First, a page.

The Federal Data Protection Law is very complex, since the applicable law depends on the status of the data collecting and storing institution (public, private, federal, state), it contains different permissions for collecting, storing, using, transferring for own and other purposes and there are numerous exceptions in other laws. With respect to the principles of 3 a BDSG to collect personal data only if it is really necessary and to use anonymous data if possible, the special purpose of this law is the protection of the individual, so that the use of his data would not violate his general personality right, 1 I BDSG. Data are single facts about personal or material relations of an identified or identifiable person. Single facts in turn are information about the physical or mental situation, which can be discovered by genome analysis. Data procession and uses are only permissible to the extent that they are authorised by the law or another legal provision or if the concerned people has consented, 4 I BDSG. This consent has to result of the free decision on the base of an intensive information about the intended purpose of the collecting, storage and use, 4 a BDSG.

The law does not relate specifically to the protection of personal genetic data, nevertheless the general regulations may apply to the collection, storage and use of personal genetic data qualifying them as personal data in the sense of 3 IX BDSG. 28 III No 1, 2 BDSG allows the use and transfer for danger preventive or criminal procedure purposes, despite the initial purpose.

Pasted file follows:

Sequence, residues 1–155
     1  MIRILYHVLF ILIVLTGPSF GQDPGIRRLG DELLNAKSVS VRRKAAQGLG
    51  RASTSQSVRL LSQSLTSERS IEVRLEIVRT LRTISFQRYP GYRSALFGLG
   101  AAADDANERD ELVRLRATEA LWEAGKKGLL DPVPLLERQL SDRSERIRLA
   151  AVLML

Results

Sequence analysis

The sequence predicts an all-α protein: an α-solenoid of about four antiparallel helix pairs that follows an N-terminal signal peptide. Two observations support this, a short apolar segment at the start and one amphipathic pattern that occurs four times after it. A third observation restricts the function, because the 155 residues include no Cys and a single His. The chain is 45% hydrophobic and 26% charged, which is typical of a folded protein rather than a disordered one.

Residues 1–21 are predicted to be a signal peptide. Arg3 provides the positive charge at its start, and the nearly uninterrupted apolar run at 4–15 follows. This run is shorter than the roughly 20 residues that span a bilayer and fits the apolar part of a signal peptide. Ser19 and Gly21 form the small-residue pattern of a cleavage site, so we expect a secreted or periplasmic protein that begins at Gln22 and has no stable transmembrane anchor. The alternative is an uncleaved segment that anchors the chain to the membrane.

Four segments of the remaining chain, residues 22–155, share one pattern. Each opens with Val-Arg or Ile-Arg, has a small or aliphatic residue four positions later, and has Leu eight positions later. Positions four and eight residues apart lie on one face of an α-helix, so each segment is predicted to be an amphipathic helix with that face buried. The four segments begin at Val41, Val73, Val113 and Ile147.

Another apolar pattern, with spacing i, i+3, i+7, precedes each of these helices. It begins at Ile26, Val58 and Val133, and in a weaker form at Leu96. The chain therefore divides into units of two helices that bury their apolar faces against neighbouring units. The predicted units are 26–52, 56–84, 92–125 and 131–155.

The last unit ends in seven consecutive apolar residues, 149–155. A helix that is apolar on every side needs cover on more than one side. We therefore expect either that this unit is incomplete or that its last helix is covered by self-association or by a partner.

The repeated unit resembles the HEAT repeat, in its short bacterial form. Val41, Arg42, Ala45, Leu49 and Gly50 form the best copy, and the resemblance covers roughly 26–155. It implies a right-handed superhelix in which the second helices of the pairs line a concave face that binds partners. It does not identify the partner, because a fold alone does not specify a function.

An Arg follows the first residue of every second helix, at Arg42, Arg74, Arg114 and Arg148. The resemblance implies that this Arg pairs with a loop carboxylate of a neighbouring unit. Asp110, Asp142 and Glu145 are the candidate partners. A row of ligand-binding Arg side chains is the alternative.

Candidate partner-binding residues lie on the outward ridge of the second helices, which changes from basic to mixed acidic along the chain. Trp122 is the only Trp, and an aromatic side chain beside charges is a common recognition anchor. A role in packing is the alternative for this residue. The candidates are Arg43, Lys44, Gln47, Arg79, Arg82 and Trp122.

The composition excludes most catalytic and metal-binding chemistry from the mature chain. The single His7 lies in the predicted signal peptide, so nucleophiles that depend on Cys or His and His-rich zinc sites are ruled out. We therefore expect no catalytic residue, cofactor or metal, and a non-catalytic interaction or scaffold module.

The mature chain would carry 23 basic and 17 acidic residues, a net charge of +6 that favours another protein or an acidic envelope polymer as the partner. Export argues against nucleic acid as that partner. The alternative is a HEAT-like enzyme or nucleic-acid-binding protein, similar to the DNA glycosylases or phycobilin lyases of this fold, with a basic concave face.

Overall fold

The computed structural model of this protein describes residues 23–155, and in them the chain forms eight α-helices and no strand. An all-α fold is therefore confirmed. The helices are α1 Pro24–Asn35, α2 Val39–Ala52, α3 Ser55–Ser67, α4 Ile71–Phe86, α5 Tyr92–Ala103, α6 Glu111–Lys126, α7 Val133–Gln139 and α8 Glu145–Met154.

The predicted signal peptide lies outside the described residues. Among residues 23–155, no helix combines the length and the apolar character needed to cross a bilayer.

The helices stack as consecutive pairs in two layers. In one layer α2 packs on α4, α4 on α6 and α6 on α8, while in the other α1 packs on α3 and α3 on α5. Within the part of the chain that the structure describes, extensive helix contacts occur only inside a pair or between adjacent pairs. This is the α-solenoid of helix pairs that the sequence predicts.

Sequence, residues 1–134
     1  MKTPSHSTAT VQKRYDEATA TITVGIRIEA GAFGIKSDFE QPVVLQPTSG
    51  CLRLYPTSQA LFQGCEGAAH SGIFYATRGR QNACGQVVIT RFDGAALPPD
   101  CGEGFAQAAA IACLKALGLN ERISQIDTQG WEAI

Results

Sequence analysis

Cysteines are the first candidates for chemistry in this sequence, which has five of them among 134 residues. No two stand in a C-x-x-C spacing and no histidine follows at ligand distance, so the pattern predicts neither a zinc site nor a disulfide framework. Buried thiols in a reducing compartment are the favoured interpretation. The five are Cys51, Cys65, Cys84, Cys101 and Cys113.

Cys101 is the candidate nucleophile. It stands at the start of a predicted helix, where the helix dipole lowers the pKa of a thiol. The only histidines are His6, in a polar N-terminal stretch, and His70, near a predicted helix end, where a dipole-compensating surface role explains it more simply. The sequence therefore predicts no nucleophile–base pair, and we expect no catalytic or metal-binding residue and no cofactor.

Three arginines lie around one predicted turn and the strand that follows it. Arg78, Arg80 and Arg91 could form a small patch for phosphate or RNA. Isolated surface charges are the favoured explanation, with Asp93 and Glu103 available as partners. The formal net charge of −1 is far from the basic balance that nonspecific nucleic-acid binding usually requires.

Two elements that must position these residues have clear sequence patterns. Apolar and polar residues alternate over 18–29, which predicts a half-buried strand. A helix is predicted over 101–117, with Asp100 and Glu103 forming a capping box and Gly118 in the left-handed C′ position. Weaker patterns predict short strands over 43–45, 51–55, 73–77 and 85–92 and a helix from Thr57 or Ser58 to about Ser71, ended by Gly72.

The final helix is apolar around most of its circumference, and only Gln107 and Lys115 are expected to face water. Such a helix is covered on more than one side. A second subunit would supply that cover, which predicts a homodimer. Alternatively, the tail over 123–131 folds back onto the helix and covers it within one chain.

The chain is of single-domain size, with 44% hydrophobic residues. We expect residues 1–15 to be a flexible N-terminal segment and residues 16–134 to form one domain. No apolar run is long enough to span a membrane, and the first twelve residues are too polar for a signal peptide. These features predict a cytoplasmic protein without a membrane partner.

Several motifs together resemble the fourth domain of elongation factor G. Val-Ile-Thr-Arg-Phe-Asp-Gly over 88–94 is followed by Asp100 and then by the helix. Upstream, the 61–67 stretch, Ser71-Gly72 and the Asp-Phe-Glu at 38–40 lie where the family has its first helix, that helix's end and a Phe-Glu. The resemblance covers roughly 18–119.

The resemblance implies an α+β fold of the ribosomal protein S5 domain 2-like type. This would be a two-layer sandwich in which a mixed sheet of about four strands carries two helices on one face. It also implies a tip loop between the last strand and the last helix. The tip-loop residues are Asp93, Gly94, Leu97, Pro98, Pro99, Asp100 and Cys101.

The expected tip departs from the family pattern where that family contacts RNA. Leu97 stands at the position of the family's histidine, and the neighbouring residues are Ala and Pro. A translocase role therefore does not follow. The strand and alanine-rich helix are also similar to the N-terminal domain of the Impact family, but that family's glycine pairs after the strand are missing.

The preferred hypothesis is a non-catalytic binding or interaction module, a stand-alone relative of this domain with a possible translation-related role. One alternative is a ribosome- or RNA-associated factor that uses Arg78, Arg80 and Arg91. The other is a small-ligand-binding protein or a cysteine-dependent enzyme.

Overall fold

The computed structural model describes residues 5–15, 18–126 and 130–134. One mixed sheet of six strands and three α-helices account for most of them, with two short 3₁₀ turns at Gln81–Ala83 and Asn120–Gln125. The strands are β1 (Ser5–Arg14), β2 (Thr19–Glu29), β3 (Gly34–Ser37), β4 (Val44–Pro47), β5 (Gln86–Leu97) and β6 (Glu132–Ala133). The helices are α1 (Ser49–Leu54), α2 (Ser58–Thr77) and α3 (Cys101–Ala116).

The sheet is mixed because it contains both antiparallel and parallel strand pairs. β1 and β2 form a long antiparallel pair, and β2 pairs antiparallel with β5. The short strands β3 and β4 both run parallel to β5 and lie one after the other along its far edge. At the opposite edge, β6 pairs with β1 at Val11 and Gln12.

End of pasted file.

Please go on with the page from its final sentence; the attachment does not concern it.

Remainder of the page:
Referring to the second aspects of the BDSG, the controlling of databanks it has to be stated that controlling authorities exist to supervise the respect of data protection regulations, 38 VI BDSG. In case of defiance of the rules, the authorities can sanction the databank. Furthermore non-public databanks in the sense of 2 IV BDSG are obliged to indicate their activity starting to the controlling authority, 4 d BDSG. If they forget this indication, they have to pay a fine, 43 I No 1, 2, III BDSG.

Insofar the Federal Data Protection Law establishes as well a certain control mechanism for databanks.

The Data Protection Law of the States include all public authorities of the respective states. The law has to be applied in public hospitals or the state or the municipalities. The provisions are subsidiary to special provisions in other laws. In most state hospital laws exist containing special data protection rules.

6. Result